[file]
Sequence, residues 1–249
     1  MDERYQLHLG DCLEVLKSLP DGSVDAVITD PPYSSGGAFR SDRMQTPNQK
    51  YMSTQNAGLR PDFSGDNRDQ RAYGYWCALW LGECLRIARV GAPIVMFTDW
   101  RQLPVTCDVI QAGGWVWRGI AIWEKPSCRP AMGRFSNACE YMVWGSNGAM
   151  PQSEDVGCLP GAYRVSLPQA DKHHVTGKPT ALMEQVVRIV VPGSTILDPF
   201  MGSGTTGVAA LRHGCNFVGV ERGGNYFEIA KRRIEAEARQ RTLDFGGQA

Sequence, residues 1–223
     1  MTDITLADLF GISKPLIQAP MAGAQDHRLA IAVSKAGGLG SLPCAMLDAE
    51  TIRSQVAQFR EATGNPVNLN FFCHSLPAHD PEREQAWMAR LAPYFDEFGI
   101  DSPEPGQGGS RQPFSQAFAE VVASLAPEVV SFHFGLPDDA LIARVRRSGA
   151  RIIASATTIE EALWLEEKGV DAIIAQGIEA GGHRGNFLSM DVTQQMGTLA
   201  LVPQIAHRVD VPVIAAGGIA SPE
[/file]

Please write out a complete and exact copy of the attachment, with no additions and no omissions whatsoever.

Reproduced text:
Sequence, residues 1–249
     1  MDERYQLHLG DCLEVLKSLP DGSVDAVITD PPYSSGGAFR SDRMQTPNQK
    51  YMSTQNAGLR PDFSGDNRDQ RAYGYWCALW LGECLRIARV GAPIVMFTDW
   101  RQLPVTCDVI QAGGWVWRGI AIWEKPSCRP AMGRFSNACE YMVWGSNGAM
   151  PQSEDVGCLP GAYRVSLPQA DKHHVTGKPT ALMEQVVRIV VPGSTILDPF
   201  MGSGTTGVAA LRHGCNFVGV ERGGNYFEIA KRRIEAEARQ RTLDFGGQA

Sequence, residues 1–223
     1  MTDITLADLF GISKPLIQAP MAGAQDHRLA IAVSKAGGLG SLPCAMLDAE
    51  TIRSQVAQFR EATGNPVNLN FFCHSLPAHD PEREQAWMAR LAPYFDEFGI
   101  DSPEPGQGGS RQPFSQAFAE VVASLAPEVV SFHFGLPDDA LIARVRRSGA
   151  RIIASATTIE EALWLEEKGV DAIIAQGIEA GGHRGNFLSM DVTQQMGTLA
   201  LVPQIAHRVD VPVIAAGGIA SPE